NYC construction deaths surging due to “overwhelmed” regulators, Times investigative report finds
An investigative report from the New York Times has found that the number of construction workers killed on the job in New York City has surged in the last two years, far outpacing the rate of the city’s new construction in that time.
Calling safety conditions on NYC jobsites “woefully inadequate,” the Times report says many of the dozen-plus deaths of construction workers since 2013 were “completely avoidable,” noting that “time and again in thousands of pages of…documents…the same issues emerged.”
“Most construction sites where workers died failed to take basic steps to prevent them from falling. Workers frequently did not wear harnesses or helmets, as required by law. Supervision was often lacking. In many of the projects, a premium was placed on speed, causing workers to take dangerous shortcuts.”
Citing data from the NYC Buildings Department, the Times reports 10 workers died on projects in the city in fiscal year 2015 (July 2014 to July 2015) alone. That figure nearly doubles the annual average over the previous four years. The number of injured workers on NYC jobsites is also surging, up 53 percent in the last fiscal year to 324.
The majority of workers hurt and killed on NYC jobsites, according to the Times report, are undocumented immigrants. And many of those workers used forged documents, sometimes provided by the contractors they worked for, to fly under the radar of inspectors and government officials.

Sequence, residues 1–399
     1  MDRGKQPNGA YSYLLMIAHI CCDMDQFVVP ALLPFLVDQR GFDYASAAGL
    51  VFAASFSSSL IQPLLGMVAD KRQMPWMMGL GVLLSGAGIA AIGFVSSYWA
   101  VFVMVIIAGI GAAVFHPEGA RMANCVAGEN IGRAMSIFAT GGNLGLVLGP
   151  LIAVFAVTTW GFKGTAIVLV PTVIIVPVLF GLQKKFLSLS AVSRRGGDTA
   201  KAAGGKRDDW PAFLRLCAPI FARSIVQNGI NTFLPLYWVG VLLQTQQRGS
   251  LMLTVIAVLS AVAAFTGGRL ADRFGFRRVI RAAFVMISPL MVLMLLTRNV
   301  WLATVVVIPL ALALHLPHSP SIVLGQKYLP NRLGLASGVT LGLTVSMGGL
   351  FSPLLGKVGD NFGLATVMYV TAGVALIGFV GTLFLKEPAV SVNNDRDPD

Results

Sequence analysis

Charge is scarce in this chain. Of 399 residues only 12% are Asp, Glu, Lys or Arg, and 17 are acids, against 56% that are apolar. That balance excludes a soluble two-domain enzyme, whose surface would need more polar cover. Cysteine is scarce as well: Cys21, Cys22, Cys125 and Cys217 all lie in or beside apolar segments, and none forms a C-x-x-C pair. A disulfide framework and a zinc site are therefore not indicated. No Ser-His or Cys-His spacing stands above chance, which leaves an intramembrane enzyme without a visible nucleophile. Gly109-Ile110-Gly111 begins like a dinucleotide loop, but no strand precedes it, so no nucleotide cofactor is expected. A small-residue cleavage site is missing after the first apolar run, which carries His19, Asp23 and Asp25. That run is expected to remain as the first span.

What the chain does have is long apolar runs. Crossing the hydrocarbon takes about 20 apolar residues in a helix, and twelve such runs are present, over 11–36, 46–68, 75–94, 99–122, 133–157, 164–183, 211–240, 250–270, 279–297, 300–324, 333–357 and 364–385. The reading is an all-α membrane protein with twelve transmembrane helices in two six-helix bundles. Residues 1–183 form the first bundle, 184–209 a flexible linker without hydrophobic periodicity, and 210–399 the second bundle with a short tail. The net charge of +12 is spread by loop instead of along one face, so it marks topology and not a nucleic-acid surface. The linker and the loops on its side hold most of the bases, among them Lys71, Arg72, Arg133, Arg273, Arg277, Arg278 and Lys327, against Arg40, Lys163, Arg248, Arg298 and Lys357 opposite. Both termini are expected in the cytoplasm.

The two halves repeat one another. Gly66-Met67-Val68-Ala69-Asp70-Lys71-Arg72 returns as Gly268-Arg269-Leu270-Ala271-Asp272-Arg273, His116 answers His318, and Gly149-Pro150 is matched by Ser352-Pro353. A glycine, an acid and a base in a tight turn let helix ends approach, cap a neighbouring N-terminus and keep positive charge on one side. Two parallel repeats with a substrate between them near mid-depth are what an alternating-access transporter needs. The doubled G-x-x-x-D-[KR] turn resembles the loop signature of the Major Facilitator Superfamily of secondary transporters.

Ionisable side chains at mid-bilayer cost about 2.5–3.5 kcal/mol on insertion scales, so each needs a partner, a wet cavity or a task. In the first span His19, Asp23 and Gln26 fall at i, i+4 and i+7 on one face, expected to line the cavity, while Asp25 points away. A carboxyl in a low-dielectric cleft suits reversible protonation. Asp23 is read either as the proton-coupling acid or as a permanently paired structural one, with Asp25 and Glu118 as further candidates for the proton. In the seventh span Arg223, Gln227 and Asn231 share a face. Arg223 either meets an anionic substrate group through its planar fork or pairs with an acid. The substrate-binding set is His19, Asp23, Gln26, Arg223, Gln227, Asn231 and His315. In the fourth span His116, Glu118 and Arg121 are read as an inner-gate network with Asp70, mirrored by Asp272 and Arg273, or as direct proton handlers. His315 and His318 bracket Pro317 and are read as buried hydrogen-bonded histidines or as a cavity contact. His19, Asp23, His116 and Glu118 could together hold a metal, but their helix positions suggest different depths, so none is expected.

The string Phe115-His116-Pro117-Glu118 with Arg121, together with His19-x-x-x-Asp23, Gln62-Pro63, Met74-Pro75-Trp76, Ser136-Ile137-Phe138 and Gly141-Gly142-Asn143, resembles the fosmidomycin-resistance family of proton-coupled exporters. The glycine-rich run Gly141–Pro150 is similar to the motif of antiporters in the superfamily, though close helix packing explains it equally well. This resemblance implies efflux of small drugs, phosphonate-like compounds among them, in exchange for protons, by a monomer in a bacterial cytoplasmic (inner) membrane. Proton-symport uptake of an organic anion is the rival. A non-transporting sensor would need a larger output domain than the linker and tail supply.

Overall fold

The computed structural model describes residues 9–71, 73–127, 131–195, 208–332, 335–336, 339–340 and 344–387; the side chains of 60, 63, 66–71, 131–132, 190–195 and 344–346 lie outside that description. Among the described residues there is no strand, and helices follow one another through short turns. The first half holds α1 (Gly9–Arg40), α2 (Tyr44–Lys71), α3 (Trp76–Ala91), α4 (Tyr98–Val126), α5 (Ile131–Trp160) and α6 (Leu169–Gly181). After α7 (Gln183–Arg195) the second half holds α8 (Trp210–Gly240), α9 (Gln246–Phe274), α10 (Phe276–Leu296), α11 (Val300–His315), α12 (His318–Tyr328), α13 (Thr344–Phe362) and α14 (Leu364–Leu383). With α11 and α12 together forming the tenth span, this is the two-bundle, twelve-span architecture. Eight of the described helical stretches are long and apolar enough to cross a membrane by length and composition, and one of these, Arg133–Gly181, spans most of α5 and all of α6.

The report points to an “overwhelmed” regulation apparatus in the city as a key factor in the surging number of construction deaths. Citing “the sheer volume of construction activity in the city” and a low number of inspectors as the primary deterrants for the city’s Buildings Department, the report also highlights that department’s historical “plague” of corruption, specifically officials being paid to look the other way on code violations.
Even attempts to improve worker safety have been fraudulently skirted, as the Times notes the city’s photo identification cards signifying that workers have completed safety courses required by the city are being forged and sold for as little as $25. The real cards cost $300 (not paid for by their employer) and usually require taking two days off for the required training.
However, the city is continuing to seek out solutions including random site inspections and filing manslaughter and other charges against contractors and developers found to be employing willful negligence in the upkeep of unsafe jobsite conditions.
New York City isn’t alone in seeing an increased number of deaths on jobsites. The number of fatalities on construction sites nationwide increased by 10 percent in 2014 to 874, according to preliminary data from the Bureau of Labor Statistics. Falls accounted for 349 of those deaths.